, we have obtained many things related to the 100 samples in the evaluation set, and of course, their predicted probability of 'being positive'.

`In [32]:`

Y_val_pred.shape

`Out[32]:`

By using ground-truth of evaluation set `Y_val`

, we can measure the prediction accuracy of `Y_val_pred`

. Same as the evaluation measure we use in the competition, we use marco-averaged ROC-AUC.

`In [33]:`

from sklearn.metrics import roc_auc_score roc_auc_score(Y_val, Y_val_pred, average='macro')

`Out[33]:`

So far, we have achieved a not-so-bad predictive performance. Moreover, there is a simpler way, `sklearn.multiclass.OneVsRestClassifier`

, to implement such multi-label classification by means of binary clasiification. The following code learns the same model, producing exactly the same predictive performance.

`In [34]:`

from sklearn.multiclass import OneVsRestClassifier classifier = OneVsRestClassifier(LogisticRegression(penalty='l2', C=0.01)) classifier.fit(X_dev_pca, Y_dev) Y_val_pred = classifier.predict_proba(X_val_pca)

`In [35]:`

roc_auc_score(Y_val, Y_val_pred, average='macro')

`Out[35]:`

#### Tuning Hyperparamters

So far, we fixed the regularization parameter to 0.01. However, in practice, proper regularization parameter configuration varies with data. We can find the best values, by cross validation. In cross validation, we have to repeatedly go through the procedure from dimension reduction to classifier training. As a result, we have to repeatedly feed hyperparamters into the model. For convenience, let's first define this procedure as a pipeline, and see how we can simplify it. Define the operations (i.e. dimension reduction, classifier training, etc.) as `steps`

, and `pipeline = Pipeline(shape)`

as a pipeline.

`In [36]:`

from sklearn.pipeline import Pipeline steps = [('scaler', StandardScaler()), ('decomposer', PCA(10, random_state=0)), ('classifier', OneVsRestClassifier(LogisticRegression(penalty='l2')))] pipeline = Pipeline(steps)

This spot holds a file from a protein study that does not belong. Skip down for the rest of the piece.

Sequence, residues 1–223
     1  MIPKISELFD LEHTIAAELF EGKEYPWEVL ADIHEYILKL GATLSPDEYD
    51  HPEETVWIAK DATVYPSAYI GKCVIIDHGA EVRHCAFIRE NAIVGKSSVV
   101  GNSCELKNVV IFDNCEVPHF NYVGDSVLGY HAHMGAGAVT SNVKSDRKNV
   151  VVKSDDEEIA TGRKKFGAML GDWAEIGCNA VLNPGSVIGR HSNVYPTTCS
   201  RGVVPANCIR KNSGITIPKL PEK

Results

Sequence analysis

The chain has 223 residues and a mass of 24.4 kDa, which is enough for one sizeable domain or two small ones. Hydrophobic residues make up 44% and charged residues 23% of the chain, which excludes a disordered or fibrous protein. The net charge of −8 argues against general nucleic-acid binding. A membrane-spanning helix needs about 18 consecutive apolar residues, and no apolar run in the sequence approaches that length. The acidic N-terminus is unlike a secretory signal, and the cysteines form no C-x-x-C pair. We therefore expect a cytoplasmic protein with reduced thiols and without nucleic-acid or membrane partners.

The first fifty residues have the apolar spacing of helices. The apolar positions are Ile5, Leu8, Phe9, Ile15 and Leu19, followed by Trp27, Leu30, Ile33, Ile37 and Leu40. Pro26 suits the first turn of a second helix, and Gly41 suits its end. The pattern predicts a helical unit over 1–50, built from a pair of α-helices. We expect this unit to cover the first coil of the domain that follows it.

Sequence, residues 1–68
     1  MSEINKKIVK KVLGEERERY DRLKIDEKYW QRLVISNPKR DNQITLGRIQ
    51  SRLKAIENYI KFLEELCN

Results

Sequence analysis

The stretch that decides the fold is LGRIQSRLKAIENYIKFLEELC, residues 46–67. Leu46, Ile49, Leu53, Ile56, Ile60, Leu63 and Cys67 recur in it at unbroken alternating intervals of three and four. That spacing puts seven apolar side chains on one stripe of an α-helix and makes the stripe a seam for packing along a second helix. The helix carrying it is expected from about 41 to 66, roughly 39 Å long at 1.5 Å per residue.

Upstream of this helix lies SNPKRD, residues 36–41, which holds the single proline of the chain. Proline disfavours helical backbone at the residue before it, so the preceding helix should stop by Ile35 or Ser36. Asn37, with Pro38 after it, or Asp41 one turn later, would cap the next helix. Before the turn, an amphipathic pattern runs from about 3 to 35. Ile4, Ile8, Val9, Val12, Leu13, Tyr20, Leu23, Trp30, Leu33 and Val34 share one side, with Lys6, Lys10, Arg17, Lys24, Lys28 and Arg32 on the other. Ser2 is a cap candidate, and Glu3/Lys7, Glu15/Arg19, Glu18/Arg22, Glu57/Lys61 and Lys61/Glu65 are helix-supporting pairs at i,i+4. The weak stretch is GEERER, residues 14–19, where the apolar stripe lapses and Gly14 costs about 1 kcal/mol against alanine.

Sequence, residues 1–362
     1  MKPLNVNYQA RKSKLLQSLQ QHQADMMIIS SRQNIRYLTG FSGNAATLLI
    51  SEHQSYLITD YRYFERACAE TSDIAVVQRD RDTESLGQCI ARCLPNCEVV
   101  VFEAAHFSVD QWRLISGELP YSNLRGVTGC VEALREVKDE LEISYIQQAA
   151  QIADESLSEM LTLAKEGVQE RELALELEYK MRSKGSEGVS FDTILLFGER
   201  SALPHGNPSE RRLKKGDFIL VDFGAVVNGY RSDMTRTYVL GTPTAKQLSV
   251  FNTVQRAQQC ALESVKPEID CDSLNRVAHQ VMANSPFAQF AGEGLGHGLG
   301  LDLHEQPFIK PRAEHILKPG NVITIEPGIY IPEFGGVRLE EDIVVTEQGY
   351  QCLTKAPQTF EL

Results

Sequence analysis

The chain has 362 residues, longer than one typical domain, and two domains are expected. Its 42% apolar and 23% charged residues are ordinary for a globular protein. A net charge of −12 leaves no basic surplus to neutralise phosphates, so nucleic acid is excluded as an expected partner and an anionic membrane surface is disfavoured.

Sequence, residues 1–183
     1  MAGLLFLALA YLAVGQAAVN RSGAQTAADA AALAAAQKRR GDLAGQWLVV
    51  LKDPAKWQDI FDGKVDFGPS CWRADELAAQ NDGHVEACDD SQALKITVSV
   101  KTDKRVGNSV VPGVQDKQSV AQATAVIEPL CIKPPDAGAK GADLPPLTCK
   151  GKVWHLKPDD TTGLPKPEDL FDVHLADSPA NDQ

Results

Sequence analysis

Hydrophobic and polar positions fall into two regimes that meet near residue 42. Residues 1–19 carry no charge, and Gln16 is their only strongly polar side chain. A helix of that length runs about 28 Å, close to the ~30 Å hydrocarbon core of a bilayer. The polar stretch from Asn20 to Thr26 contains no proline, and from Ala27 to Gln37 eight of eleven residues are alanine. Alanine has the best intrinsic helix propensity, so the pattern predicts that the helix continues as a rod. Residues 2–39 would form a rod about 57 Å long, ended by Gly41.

Let's try to pick the best one hyperparameter from {0.01, 0.1, 1.0, 10., 100.} by five-fold cross-validation. Pleasantly, the above hyperparameter selection with cross validation can be easily denoted by using `sklearn.model_selection.GridSearchCV`

. First, denote `params`

as parameter candidates. Here, {0.01, 0.1, 1.0, 10., 100.} are used as candidates for the regularization hyperparameter `C`

, which is fed into pipeline through `'classifier'`

(`OneVsRestClassifier`

) -> ``estimator``

(`LogisticRegression`

). This is denoted as `{'classifier__estimator__C': [0.01, 0.1, 1.0, 10., 100.]}`

. Second, we feed the parameter candidates together with the pipeline definition into `GridSearchCV`

.

`In [37]:`

from sklearn.model_selection import GridSearchCV from sklearn.metrics import make_scorer params = {'classifier__estimator__C': [0.01, 0.1, 1.0, 10., 100.]} scorer = make_scorer(roc_auc_score, average='macro', needs_proba=True) predictor = GridSearchCV(pipeline, params, cv=5, scoring=scorer)